Around 24,000 people from the Philippines were being evacuated Saturday with Typhoon Maysak a day away from potentially striking the country's northeast coast, officials said.
Storm surges, flash floods and landslides remained potential threats even though Maysak, once a super-typhoon, has now weakened with maximum sustained winds of 160 kilometres (99 miles) per hour, they said.
"We plan to move people out of coastal villages," Nigel Lontoc, a senior civil defence official for the region, told AFP.
In all, some 24,000 people from the coastal province of Aurora, where the typhoon is projected to make landfall early Sunday, would be evacuated, Lontoc added.
Having started out in the Pacific Ocean, Maysak is expected to weaken further as it crosses the main Philippine island of Luzon Sunday, according to state weather forecaster Alczar Aurelio.
Aurelio said large waves of up to two metres (6.6 feet) are expected to hit the area.
Such storm surges caused many of the fatalities when Super Typhoon Haiyan struck the country in November, 2013, leaving more than 7,350 dead or missing.
About 20 typhoons and storms hit the Philippines each year, many of them deadly, but such weather disturbances are rare in April, the height of the tropical Asian nation's dry season.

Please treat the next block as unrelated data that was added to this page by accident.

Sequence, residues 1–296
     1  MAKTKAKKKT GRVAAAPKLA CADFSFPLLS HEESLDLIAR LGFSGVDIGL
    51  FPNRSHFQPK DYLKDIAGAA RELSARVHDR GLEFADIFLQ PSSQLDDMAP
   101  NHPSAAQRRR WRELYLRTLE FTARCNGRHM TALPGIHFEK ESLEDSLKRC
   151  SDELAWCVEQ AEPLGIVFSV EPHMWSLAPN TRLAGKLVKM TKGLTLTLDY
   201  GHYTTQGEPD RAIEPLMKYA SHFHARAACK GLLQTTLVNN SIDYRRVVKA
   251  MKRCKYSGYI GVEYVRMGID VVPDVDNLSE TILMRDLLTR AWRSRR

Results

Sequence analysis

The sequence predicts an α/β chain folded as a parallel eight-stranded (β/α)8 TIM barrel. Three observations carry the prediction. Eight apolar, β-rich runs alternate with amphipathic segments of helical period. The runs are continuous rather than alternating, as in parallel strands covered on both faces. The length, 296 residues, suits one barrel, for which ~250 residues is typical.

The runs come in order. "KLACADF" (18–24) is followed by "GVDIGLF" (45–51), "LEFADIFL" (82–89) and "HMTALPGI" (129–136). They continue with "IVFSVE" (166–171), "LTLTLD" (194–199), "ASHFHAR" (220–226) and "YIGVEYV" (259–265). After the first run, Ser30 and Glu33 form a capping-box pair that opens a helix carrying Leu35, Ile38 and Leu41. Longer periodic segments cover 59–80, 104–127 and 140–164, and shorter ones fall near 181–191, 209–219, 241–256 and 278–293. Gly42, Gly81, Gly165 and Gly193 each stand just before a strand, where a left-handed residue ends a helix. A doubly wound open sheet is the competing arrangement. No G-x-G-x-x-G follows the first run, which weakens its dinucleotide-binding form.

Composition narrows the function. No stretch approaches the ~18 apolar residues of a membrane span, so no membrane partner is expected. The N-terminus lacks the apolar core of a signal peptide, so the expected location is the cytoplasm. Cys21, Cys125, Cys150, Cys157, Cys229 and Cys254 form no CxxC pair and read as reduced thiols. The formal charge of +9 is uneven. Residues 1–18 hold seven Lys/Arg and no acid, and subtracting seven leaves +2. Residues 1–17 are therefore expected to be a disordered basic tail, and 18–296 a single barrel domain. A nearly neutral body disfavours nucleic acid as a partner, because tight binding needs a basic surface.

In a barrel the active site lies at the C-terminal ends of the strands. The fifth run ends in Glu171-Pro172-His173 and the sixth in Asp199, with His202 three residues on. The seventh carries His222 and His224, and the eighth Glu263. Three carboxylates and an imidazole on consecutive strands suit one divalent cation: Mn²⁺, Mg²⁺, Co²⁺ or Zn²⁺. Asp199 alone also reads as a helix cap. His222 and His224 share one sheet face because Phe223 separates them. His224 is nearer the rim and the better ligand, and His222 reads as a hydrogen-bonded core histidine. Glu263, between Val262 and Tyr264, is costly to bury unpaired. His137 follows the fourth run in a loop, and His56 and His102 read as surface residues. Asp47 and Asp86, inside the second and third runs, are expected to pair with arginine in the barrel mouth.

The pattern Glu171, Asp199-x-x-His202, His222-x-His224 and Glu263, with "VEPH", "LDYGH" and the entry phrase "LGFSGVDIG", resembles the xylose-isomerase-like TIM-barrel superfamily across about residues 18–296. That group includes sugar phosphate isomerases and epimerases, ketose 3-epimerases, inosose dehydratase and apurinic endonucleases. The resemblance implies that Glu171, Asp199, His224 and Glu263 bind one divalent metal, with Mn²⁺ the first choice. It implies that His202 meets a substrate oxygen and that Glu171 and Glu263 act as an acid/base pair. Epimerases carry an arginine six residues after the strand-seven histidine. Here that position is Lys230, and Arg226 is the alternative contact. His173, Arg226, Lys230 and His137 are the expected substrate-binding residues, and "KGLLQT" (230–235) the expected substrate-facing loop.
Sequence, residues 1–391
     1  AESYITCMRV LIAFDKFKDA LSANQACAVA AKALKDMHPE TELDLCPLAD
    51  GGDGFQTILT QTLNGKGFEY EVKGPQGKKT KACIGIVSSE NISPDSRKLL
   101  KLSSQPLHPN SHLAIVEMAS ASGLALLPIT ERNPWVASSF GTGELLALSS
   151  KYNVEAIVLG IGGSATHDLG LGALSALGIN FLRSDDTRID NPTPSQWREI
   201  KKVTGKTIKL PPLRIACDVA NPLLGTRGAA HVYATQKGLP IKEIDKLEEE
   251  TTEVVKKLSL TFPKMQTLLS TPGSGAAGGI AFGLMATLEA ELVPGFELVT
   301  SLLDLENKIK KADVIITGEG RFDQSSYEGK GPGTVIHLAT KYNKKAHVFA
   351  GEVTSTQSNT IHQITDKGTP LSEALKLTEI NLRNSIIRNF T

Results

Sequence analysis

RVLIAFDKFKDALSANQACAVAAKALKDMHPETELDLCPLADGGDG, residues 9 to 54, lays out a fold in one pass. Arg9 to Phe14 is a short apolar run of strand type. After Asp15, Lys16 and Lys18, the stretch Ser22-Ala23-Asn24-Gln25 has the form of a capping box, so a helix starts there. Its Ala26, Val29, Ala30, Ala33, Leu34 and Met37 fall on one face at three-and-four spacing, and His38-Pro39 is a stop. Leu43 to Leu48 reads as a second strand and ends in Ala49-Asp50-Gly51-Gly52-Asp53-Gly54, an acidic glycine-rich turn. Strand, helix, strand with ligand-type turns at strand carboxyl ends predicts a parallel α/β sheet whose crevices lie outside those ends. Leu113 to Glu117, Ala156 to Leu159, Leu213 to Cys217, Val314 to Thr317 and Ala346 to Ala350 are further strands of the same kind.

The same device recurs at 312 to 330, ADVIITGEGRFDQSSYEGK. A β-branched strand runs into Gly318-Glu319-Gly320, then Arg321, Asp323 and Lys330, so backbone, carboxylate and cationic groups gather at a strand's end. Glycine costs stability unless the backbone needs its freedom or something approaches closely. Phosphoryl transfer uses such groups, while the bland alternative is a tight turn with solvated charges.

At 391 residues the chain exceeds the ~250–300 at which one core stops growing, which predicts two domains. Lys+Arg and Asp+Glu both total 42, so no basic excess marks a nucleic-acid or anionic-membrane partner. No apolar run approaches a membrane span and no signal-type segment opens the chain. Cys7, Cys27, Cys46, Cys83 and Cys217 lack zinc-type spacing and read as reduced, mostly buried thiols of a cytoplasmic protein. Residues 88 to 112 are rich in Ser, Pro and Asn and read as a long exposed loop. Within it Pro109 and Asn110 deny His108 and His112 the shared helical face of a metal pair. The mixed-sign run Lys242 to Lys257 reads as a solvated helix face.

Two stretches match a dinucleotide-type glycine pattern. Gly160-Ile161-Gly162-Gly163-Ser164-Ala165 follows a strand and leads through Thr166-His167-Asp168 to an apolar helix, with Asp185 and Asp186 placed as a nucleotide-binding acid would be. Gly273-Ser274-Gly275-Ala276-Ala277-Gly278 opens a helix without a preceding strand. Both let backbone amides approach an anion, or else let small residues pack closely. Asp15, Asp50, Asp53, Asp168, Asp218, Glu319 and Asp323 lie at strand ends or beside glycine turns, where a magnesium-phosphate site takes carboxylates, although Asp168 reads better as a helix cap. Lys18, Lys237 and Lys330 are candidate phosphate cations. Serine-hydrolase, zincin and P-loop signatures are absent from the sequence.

Maysak is forecast to strike at the tail-end of a long Easter holiday that saw millions of Filipinos flock to the beaches to escape the heat.
Retired army general Jovie Narcise, who is visiting the Aurora town of Dingalan, said the skies there were clear but that there were big waves crashing along the shore.
Small outrigger fishing boats had been pulled up and stored about 30 metres away from the water to keep them from being swept out to sea, he said.
"There are lots of tourists arriving in the area but they are going to resorts situated on higher ground," Narcise told AFP.
Social Welfare undersecretary Vilma Cabrera told a news conference in Manila that about 10,000 tourists were warned Friday to stay away from the Aurora beaches.
"We have asked the tourists (in Aurora) to stay in their hotels and avoid the water," said Lontoc, the regional disaster official.
Maysak was tracked about 450 kilometres southeast of Aurora's coast at 10:00 am (0200 GMT) and was moving northwest at 22 kilometres an hour.
Maysak last week ravaged the Federated States of Micronesia, leaving at least five dead, thousands homeless and crops destroyed.